In sum, I have no question that, in terms of student ministry, this will be my “go-to” book to use, recommend, and give away on the topic of Bible study. It will be my starting point for training and setting a foundation for thoughtful and substantive Bible study in student ministry small groups. And, it will be a resource I consult often as a guide to explaining, in profoundly clear terms, the theological and methodological necessities of Christ-exalting Bible study.

Coming away from this text, students (and, perhaps, parents!) will no longer be stuck in the ambiguous world of “What does this passage mean to me…?”, and will now be energized by the ability to approach God’s Word asking and answering the more important question, “What does this passage mean?” From there, the heart-transforming truth of the Scriptures may be effectively applied.

I enthusiastically recommend this book!

*A copy of the book was provided by the publisher, at no charge, for the purpose of review.  I was under no obligation to offer a positive review.

BOOK DETAILS:

224 Pages
Publisher: P and R Publishing Company
Publication Date: April 2013
ISBN 10: 1596386371
ISBN 13: 9781596386372

BUY NOW at WTSBOOKS.COM – $6.00 (54% 0ff) or $5.00 when you buy 5 or more copies.*

*Limited time offer. Subject to change without notice.

Daniel Block on “The Shema” & NIVAC Kindle Sale

9780310492016One of the most well-known texts of Scripture in the Hebrew Bible (Old Testament) is Deuteronomy 6:4, “The Shema”.  Though it is certainly familiar, it is by no means immune to difficulty in the translation process.  Daniel Block, Gunther H. Knoedler Professor of Old Testament at Wheaton College Graduate School, in his recent (NIVAC) commentary on Deuteronomy, offers what I feel is both a helpful interpretation and clarification of the text.  He writes:

“THE SHEMA IS ONE of the most important symbols of Judaism. To this day, orthodox Jews recite verses 4–5 twice daily as part of their prayers (cf. v. 7). Despite its importance in Jewish and Christian tradition, the Shema is enigmatic. The sense of the first two words is clear. But the construction of the remainder is unparalleled in the entire Old Testament, so any interpretation, including our own, should be deemed provisional. On the surface the four words appear to be arranged in an ABAB parallelistic order, translated literally:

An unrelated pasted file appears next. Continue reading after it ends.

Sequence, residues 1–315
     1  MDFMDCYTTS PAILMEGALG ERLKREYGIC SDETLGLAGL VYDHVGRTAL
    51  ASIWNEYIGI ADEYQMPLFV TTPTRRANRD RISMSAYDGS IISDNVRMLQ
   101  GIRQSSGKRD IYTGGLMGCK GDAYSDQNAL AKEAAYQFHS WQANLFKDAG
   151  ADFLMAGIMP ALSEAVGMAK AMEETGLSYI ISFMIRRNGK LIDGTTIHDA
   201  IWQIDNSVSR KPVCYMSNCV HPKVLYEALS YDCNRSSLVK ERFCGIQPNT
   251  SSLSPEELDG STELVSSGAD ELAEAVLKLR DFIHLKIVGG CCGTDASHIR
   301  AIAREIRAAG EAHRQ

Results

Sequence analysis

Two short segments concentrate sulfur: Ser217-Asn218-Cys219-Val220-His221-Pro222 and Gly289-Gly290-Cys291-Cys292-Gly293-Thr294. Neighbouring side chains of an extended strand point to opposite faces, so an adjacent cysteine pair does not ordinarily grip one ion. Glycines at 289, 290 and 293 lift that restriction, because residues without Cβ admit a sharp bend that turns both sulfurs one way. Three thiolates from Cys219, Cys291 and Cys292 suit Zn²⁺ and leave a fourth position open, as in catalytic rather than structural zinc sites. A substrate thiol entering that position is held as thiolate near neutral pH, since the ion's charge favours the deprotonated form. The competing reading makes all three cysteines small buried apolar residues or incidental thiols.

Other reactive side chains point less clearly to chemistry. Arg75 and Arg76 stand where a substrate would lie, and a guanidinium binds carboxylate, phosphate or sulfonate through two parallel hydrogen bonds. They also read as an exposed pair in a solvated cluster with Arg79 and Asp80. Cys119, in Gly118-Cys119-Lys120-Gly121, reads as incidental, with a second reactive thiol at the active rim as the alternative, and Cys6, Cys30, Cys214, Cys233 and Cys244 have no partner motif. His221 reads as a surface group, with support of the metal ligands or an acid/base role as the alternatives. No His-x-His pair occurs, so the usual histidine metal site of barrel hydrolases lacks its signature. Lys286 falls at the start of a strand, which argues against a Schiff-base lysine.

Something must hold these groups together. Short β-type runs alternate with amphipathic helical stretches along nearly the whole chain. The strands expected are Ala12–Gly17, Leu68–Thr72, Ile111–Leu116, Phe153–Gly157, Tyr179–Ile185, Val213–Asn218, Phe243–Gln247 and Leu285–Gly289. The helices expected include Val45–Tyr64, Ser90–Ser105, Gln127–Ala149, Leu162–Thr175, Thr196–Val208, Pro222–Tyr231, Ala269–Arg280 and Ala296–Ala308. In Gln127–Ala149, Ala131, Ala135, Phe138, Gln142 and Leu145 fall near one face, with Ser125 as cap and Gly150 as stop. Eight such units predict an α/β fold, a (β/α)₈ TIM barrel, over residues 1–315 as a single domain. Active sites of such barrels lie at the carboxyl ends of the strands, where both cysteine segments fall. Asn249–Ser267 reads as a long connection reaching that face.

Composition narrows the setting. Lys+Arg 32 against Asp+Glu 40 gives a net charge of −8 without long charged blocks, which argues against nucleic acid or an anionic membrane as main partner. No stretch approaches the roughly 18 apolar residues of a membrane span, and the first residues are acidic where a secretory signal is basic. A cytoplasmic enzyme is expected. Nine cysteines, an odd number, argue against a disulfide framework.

Chart taken from the Kindle edition of "Deuteronomy" (NIVAC), Zondervan, 2012.

Chart taken from the Kindle edition of “Deuteronomy” (NIVAC), Zondervan, 2012.

The first line could be interpreted either as a sentence, “Yahweh is our God,” or appositionally, “Yahweh our God,” though the latter creates problems for interpreting the second line. The critical word in the second part is obviously [echad], which in the overwhelming number of occurrences represents the cardinal number “one.” However, in a half dozen instances, the word functions as an equivalent to lebaddô, “unique, only, alone.” Within the immediate and the broader contexts the purpose of this statement is not to answer the question, “How many is God?” but “Who is the God of Israel?” To this question the Israelites were to respond in unison and without compromise or equivocation, “Our God is Yahweh, Yahweh alone!”

Moses’ concern here is whether God’s people would remain devoted exclusively to Yahweh or be seduced by the gods of Canaan. His exposition of the Shema in the remainder of 6: 5–19 confirms this interpretation. Answering to the Supreme Command, by uttering the Shema the Israelites were declaring their complete, undivided, and unqualified devotion to Yahweh. This is not strictly a monotheistic confession (cf. 4: 35, 39) but a cry of allegiance, an affirmation of covenant commitment that defines the boundaries of the covenant community. It consists of those who claim this utterance as a verbal badge of identity and who demonstrate this identity with uncompromising covenant commitment”[1]